It's never a good idea to compare yourself to anyone and wonder why you aren't having the same sucess as them. At the end of the day you aren't them and they are already doing themselves better than you ever will. Only compare you to yourself.
I like that you are drawing women that looks like they have internal organs and aren't afraid of natural skin folds. You need to work on what your images are saying. Sexy is a lot about presentation and context. A scantily drawn character with large breasts isn't immediately sexy. You need to put more emotion and narrative in that. That said I like your cute scenarios here, the bubblegum and pudding girls are in the right direction. Just put some more thought into this. Your rendering has many levels but they tend to stick towards the edges of the form and flattening it. Be bolder here and and follow the form, keep in mind where the light is coming from. Lastly, don't avoid feet. You won't learn how to draw them if you do. The composition in Summer Stretch is great. Keep in mind how you place things and don't be afraid of backgrounds either.
Oh no, I'm not bothered about his success D: Its the audience. He has many female watchers while mine are mostly male.
Thank you so much for your comment, it really has changed my perspective on my artwork and has given me more of a drive to do better. I now know the main parts of where I need to improve. Thanks again <3
Well speaking as a woman who is partial to the occasional boob, your stuff feels male-targeted. It's the poses: they're quite submissive (elbows in, eyes down) and "lad's mag", not much more to the image composition other than the scantily clad lady. It's not necessarily how a female veiwer wants to imagine themselves.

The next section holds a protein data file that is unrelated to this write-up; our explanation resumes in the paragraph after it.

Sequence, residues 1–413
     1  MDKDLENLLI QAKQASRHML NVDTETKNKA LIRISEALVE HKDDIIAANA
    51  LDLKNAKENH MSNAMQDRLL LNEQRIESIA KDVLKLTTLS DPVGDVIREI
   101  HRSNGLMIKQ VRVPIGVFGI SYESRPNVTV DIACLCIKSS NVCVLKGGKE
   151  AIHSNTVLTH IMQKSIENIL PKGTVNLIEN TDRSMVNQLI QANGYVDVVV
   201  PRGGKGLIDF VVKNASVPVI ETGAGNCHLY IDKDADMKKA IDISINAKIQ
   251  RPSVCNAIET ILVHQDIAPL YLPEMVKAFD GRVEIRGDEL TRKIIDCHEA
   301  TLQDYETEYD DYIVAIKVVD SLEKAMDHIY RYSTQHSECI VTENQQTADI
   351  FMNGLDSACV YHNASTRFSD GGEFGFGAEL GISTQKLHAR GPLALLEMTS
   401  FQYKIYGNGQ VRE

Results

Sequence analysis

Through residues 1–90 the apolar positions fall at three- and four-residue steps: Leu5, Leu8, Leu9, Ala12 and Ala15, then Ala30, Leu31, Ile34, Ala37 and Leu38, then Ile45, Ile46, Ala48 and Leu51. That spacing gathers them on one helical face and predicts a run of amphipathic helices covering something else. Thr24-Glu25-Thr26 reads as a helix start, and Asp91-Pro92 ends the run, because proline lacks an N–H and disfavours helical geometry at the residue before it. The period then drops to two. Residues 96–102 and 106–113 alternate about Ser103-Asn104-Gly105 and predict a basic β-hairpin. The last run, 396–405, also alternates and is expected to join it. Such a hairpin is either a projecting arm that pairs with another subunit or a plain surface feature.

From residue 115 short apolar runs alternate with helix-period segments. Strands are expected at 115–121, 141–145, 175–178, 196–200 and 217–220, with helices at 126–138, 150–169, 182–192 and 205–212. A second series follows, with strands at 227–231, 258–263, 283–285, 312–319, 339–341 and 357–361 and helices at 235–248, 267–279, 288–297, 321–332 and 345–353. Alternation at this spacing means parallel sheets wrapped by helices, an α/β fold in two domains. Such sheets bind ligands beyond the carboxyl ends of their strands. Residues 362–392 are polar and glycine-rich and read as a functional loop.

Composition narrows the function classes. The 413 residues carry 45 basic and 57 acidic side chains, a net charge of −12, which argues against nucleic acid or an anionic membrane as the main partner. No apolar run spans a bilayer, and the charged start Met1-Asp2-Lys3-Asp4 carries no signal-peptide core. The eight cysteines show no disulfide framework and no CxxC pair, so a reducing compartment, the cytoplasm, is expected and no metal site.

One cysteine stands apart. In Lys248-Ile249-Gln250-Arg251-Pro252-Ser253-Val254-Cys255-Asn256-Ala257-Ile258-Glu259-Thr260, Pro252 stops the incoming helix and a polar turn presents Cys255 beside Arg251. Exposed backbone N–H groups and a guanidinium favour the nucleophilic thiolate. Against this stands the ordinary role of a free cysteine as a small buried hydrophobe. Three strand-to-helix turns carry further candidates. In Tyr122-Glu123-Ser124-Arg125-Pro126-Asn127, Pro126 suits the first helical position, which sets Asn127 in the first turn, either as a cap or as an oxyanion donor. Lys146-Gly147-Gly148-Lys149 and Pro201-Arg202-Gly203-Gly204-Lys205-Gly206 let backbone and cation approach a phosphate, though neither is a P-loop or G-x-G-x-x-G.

For instance, I noticed that the person who tried to correct the impossible bikini in Summer Stretch was a woman. I knew it before checking their profile because I (as a person with boobs of size enough that structure in a bikini is really important) had exactly the same thought as her and found the garment distracting. If you're interested in designing pinups that appeal to women, you should think about your own female experience and your expression of your own sexuality and notice how it differs to portrayals of women in male-targeted media.
I also think you could focus more on creating "fuller" illustrations that have other design elements than just the figure. If they have aesthetic appeal beyond the nudity then naturally this makes it accessible to a broader audience. In most of your images currently, it is just a figure against a black background.
You have to remember that a woman looking at a pinup generally identifies with the girl in the picture. If the girl in the picture looks like she does nothing with her time except stands around being looked at, well, that's not exactly a hot fantasy for most women. Slugbox has more pictures where it looks like the subject is in the middle of doing something and the artist just happened to take a picture at a sexy moment. Even the simple "standing around" pinups have a wider range of emotions.
He also has a better grasp on cuteness. Your work suffers a little from overly-long noses and mouths too far down the chin.